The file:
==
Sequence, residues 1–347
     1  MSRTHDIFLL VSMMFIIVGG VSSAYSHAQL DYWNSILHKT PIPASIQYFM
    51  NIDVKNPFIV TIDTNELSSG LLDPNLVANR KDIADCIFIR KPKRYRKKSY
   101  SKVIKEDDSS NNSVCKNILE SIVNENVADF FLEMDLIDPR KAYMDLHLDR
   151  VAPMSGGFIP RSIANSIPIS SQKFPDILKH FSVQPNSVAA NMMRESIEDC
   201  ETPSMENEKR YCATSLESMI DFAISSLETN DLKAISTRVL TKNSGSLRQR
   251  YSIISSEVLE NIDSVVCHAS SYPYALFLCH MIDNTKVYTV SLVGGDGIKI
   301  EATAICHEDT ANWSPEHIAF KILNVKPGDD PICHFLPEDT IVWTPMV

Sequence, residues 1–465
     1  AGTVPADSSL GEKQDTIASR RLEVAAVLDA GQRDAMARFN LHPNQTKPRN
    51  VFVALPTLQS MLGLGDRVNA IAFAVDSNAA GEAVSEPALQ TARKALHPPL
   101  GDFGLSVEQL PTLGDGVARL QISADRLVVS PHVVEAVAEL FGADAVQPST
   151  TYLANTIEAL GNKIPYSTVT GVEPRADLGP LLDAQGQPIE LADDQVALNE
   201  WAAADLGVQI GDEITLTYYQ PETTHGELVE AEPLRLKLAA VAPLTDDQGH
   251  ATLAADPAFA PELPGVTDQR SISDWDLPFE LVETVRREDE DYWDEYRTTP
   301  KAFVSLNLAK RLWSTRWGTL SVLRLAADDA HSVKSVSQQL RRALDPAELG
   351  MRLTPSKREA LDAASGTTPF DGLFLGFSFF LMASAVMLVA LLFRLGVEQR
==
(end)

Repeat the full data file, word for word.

Sequence, residues 1–347
     1  MSRTHDIFLL VSMMFIIVGG VSSAYSHAQL DYWNSILHKT PIPASIQYFM
    51  NIDVKNPFIV TIDTNELSSG LLDPNLVANR KDIADCIFIR KPKRYRKKSY
   101  SKVIKEDDSS NNSVCKNILE SIVNENVADF FLEMDLIDPR KAYMDLHLDR
   151  VAPMSGGFIP RSIANSIPIS SQKFPDILKH FSVQPNSVAA NMMRESIEDC
   201  ETPSMENEKR YCATSLESMI DFAISSLETN DLKAISTRVL TKNSGSLRQR
   251  YSIISSEVLE NIDSVVCHAS SYPYALFLCH MIDNTKVYTV SLVGGDGIKI
   301  EATAICHEDT ANWSPEHIAF KILNVKPGDD PICHFLPEDT IVWTPMV

Sequence, residues 1–465
     1  AGTVPADSSL GEKQDTIASR RLEVAAVLDA GQRDAMARFN LHPNQTKPRN
    51  VFVALPTLQS MLGLGDRVNA IAFAVDSNAA GEAVSEPALQ TARKALHPPL
   101  GDFGLSVEQL PTLGDGVARL QISADRLVVS PHVVEAVAEL FGADAVQPST
   151  TYLANTIEAL GNKIPYSTVT GVEPRADLGP LLDAQGQPIE LADDQVALNE
   201  WAAADLGVQI GDEITLTYYQ PETTHGELVE AEPLRLKLAA VAPLTDDQGH
   251  ATLAADPAFA PELPGVTDQR SISDWDLPFE LVETVRREDE DYWDEYRTTP
   301  KAFVSLNLAK RLWSTRWGTL SVLRLAADDA HSVKSVSQQL RRALDPAELG
   351  MRLTPSKREA LDAASGTTPF DGLFLGFSFF LMASAVMLVA LLFRLGVEQR